Claybrooke (St. Peter)

CLAYBROOKE (St. Peter), a parish, in the union of Lutterworth; comprising the townships of Great and Little Claybrooke, the chapelry of Wigston Parva, the hamlet of Ullesthorpe, and the liberty of Bittesby, in the hundred of Guthlaxton, S. division of the county of Leicester; and the chapelry of Wibtoft, in the Kirby division of the hundred of Knightlow, N. division of the county of Warwick; the whole containing 1417 inhabitants, of whom 519 are in Great Claybrooke, 4 miles (N. W. by W.) from Lutterworth, and 104 in Little Claybrooke. The parish is situated on the road from London to Hinckley and Atherstone; the surface is pleasingly undulated, and the soil in some few places sandy, but in general a rich loam. A part of the population is employed in the stocking manufacture, which is carried on to a considerable extent. The Midland railway passes through the parish, and the Ullesthorpe station is within its limits. The living is a vicarage, valued in the king's books at £30. 10. 5., and in the patronage of the Crown; impropriators, the Earl of Denbigh, Trinity College, Cambridge, and others; net income, £451, with a glebe-house. The church is at Little Claybrooke, and is partly in the decorated and partly in the later English style. There are chapels of ease at Wibtoft and Little Wigston; and the Independents have a place of worship. A school was endowed by Mark Smith with £26 per annum, and is aided by an annual sum of £26 from Alderman Newton's charity: J. E. Dicey, Esq., of Claybrooke Hall, has erected a school for females, which he supports. This was the Roman station Benonœ, or Vennones; and at a place termed High Cross, two miles westward, two great Roman roads intersect, which traversed the kingdom obliquely.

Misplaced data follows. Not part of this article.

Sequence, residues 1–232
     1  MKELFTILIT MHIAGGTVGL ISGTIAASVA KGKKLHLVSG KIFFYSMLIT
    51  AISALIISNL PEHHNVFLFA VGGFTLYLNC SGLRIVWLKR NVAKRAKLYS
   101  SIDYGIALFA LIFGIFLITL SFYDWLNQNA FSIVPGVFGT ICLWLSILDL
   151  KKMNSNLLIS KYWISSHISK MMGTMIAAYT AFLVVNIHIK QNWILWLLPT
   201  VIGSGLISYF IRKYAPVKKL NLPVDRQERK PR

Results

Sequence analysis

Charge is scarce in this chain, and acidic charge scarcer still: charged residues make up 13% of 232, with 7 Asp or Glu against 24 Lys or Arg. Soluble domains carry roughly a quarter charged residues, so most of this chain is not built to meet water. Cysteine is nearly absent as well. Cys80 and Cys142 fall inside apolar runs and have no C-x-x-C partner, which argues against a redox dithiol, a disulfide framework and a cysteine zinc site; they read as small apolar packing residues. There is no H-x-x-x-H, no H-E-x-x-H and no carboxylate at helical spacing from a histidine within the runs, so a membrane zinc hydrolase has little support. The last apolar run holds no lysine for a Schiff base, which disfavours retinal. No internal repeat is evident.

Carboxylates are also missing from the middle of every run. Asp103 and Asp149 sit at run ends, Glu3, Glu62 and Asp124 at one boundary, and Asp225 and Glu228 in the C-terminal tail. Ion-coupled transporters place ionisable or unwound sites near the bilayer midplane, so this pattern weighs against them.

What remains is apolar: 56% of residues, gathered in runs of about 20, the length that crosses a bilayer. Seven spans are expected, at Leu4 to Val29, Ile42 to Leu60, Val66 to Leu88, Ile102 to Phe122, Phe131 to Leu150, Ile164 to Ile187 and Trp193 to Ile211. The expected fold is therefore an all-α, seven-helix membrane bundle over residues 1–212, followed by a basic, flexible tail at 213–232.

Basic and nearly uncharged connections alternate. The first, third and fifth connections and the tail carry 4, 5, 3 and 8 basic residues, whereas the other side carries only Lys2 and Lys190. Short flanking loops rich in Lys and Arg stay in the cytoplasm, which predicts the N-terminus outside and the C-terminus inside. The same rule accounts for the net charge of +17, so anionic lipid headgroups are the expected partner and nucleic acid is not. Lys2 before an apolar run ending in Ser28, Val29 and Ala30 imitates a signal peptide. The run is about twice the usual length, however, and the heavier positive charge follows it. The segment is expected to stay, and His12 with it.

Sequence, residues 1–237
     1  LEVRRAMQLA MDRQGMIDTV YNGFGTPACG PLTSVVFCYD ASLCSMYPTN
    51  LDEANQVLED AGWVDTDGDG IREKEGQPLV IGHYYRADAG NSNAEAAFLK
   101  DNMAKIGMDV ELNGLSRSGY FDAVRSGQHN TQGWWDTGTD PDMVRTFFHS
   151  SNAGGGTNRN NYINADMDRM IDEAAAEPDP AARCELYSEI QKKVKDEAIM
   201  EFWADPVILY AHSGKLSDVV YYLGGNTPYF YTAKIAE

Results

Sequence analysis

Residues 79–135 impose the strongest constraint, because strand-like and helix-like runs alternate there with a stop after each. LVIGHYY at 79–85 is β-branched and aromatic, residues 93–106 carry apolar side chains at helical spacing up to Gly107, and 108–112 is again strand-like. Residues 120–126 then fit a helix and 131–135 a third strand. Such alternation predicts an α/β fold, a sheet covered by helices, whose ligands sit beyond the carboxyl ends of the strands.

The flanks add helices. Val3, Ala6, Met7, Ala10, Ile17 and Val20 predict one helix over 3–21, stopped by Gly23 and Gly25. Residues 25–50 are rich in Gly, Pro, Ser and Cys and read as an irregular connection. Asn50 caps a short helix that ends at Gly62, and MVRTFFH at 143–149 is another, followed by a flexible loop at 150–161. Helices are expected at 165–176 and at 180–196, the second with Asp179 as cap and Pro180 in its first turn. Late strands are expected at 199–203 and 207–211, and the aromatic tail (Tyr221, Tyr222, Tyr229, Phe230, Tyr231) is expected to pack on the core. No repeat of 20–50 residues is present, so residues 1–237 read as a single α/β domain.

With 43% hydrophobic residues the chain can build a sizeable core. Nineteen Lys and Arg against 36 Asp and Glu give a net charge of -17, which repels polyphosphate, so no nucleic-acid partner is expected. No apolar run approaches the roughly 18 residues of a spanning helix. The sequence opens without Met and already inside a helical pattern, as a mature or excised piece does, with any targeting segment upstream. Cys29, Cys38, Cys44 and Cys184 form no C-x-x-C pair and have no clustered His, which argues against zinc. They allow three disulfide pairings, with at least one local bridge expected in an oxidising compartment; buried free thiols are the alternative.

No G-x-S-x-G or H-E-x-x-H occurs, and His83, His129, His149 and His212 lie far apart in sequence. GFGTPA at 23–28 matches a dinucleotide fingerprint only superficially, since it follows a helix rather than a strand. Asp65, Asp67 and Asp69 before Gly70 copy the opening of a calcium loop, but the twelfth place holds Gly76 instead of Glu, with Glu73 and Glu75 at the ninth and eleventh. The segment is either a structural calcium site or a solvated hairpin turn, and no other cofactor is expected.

Transcribed from A Topographical Dictionary of England, by Samuel Lewis, 7th edition, published in 1848.

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